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Old 02-21-2011, 09:25 AM   #49
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How is this board defining "rich". Forget wha the govt says "rich" is, that's a moving target!
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Old 02-21-2011, 09:26 AM   #50
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How is this board defining "rich". Forget wha the govt says "rich" is, that's a moving target!
The guy with twice as much money as myself is rich!
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Old 02-21-2011, 09:34 AM   #51
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glippy: If you pay into ss for lots of years and then apply for it, no matter how much you make, how can you call it an entitlement? If you buy mutual funds for years and then when you retire you decide to cash them in, would that to be an entitlement?
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Old 02-21-2011, 09:46 AM   #52
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I'm not a an expert on the government budget, but before we gouged anyone, I would not be opposed to letting Bush tax cuts expire and revert the federal budget back to 2008, before the stimulus program. 2008 budget was 20% less than this year. While this may not balance it, I would think it would stop the profuse bleeding of red ink. It hard to imagine but it was only a little over a decade ago that the federal deficit was being projected to being eventually paid off based on then government surpluses.
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Old 02-21-2011, 10:03 AM   #53
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In answer to the original question - No. It neither solves the issue of increasing sufficient revenue to solve government debt problems nor does it provide a beneficial incentive.

The problem with the premise of the question (not Midpack’s question, but the issue in general) is that in the context of an income tax ‘rich’ means high income. I can have a portfolio of $100 million in CA muni bonds with no other income and pay virtually nothing in tax so I wouldn’t be ‘rich’ according to the income tax system. My point is that if you have a high income you will be considered rich for income tax purposes. This definition includes the individual that grew up dirt poor but went on to make a large income through hard work and adversity by putting themselves through an undergraduate university and graduate school only to emerge with $250,000 in student loans. However, it doesn’t include the holder of the $100 million muni bond portfolio.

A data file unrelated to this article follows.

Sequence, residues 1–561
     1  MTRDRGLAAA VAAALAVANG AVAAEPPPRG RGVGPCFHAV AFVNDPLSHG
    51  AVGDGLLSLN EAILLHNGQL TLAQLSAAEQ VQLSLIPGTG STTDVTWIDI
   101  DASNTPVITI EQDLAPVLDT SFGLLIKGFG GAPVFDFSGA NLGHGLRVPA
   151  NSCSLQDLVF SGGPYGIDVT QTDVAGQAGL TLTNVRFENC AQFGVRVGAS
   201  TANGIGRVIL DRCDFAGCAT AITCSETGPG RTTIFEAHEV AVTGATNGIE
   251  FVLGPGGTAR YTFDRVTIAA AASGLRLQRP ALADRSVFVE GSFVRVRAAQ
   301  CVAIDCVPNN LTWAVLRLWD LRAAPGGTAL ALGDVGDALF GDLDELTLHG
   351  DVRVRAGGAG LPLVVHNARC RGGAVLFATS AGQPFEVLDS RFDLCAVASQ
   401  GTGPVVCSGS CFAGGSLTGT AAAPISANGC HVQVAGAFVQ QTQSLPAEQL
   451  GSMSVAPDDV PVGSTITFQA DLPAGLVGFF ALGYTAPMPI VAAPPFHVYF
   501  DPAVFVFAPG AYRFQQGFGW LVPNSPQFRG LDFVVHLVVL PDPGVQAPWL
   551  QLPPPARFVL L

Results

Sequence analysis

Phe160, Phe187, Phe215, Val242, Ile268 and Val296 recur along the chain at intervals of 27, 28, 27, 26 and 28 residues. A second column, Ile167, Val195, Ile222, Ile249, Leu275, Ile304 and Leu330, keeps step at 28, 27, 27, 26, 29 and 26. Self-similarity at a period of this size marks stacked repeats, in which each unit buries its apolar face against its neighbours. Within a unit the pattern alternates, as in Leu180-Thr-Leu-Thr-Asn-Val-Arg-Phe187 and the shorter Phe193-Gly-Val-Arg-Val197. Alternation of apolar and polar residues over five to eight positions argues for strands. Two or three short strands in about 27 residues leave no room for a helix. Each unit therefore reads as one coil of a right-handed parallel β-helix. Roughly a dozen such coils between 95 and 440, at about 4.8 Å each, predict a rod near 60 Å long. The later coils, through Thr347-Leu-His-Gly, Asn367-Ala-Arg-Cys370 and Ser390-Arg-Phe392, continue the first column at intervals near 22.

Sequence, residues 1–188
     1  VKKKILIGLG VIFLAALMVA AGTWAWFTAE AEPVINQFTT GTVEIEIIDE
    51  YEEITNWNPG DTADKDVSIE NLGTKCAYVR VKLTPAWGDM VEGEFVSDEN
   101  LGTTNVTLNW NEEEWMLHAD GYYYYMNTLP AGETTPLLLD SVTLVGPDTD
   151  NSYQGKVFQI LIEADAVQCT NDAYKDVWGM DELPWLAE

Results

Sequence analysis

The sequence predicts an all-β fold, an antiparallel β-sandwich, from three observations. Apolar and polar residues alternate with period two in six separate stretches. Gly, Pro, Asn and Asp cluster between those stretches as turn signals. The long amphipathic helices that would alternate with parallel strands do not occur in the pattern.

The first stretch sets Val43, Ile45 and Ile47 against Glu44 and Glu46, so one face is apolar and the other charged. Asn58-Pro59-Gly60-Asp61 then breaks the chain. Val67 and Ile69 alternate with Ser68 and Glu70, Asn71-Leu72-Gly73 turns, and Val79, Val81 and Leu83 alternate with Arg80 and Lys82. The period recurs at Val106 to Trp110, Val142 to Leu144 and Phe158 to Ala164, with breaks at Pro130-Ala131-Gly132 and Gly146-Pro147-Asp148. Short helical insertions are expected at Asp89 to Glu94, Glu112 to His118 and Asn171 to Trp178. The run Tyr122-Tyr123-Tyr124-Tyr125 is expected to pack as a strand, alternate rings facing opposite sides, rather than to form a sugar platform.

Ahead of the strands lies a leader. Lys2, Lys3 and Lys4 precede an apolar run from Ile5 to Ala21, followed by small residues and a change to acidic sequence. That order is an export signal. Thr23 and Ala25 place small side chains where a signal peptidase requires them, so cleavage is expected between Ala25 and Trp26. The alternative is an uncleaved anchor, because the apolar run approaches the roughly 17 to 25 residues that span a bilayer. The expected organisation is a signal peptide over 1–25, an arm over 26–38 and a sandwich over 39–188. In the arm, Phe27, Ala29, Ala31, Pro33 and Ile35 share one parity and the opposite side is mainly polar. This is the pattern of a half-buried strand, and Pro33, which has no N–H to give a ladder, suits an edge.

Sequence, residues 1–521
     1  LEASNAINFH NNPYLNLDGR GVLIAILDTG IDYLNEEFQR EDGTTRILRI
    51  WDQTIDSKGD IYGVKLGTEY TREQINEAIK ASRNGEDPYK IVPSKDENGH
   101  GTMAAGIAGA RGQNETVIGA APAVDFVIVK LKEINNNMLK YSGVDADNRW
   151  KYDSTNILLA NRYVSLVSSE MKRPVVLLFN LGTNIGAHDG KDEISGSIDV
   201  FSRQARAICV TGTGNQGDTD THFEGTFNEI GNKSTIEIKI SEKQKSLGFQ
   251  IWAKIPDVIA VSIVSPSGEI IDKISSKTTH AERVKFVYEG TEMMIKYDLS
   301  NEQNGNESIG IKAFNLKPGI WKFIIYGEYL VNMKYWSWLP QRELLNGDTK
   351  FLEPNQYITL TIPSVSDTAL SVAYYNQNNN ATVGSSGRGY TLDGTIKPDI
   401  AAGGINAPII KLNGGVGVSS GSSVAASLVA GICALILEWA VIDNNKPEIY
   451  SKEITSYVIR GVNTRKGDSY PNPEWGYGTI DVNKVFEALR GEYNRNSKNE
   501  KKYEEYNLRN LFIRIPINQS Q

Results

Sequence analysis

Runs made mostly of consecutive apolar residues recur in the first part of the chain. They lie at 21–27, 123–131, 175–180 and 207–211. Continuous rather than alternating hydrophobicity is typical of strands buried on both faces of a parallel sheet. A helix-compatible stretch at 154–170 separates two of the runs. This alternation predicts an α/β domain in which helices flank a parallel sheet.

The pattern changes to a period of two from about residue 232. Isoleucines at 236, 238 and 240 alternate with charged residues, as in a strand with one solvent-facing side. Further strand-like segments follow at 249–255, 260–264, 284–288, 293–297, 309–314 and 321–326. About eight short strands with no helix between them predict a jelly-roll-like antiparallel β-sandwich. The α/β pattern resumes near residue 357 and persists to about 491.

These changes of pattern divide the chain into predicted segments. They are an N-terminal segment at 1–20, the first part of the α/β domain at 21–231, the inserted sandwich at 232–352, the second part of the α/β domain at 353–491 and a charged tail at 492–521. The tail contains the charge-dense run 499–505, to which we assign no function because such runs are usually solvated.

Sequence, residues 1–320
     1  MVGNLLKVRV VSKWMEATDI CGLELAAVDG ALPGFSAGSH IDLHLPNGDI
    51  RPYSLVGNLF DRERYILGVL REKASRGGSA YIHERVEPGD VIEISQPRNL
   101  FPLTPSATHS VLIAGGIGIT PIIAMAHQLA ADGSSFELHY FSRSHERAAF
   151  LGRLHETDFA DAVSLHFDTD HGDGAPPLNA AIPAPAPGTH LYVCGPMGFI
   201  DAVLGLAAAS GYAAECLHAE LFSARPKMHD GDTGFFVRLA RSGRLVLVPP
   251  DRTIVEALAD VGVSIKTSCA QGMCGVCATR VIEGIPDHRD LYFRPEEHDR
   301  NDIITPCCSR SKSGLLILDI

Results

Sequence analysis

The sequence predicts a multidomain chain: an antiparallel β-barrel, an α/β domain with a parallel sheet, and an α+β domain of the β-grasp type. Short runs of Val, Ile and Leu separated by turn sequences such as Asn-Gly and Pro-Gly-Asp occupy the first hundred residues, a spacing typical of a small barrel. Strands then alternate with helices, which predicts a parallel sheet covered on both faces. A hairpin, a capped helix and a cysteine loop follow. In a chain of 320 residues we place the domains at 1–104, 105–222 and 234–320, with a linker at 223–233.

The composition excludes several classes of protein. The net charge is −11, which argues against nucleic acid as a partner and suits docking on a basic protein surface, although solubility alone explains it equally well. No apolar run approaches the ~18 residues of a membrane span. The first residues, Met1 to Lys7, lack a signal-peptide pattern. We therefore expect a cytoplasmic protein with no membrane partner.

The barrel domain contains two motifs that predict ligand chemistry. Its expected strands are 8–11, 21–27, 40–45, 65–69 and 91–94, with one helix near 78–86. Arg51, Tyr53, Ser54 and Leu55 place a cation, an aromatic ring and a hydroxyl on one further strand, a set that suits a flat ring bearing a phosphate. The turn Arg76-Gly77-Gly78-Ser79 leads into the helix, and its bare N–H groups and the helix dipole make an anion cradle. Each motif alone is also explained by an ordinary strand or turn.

The call to tax the rich is merely a political move to gain the favor of certain voting blocks. It doesn’t even accomplish the goal of taxing those most able to handle the burden (I assume this is the stated goal). If a lawmaker raised the possibility of a tax on wealth at least they would be proposing laws that would actually accomplish the apparent goal.

Maybe I should start a poll to find out how many people here who are in favor of increasing the tax on the ‘rich’ are also in favor of a tax on wealth.
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Old 02-21-2011, 10:05 AM   #54
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I'm not a an expert on the government budget, but before we gouged anyone, I would not be opposed to letting Bush tax cuts expire and revert the federal budget back to 2008, before the stimulus program. 2008 budget was 20% less than this year. While this may not balance it, I would think it would stop the profuse bleeding of red ink. It hard to imagine but it was only a little over a decade ago that the federal deficit was being projected to being eventually paid off based on then government surpluses.
Important thing to remember here. When the Bush tax cuts were first enacted in 2001, some in Congress wanted to include triggers which would cancel or postpone the tax cuts is the projected budget surpluses did not materialize. These proposals went nowhere. The budget surpluses never materialized, but the tax cuts continued. Now, with record deficits, the tax cuts get extended anyway.

Only in Washington can policy makers (mainly Republicans but many Dems adopt a "mee too" attitude) advocate the same tax policy using diametrically opposite reasons. "Large projected budget surpluses, tax cuts for the rich. Large projected budget deficits, tax cuts for the rich."

"<Fill in the blank> budget or economic situation, tax cuts for the rich."
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Old 02-21-2011, 11:07 AM   #55
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Only in Washington can policy makers (mainly Republicans but many Dems adopt a "mee too" attitude) advocate the same tax policy using diametrically opposite reasons. "Large projected budget surpluses, tax cuts for the rich. Large projected budget deficits, tax cuts for the rich."

"<Fill in the blank> budget or economic situation, tax cuts for the rich."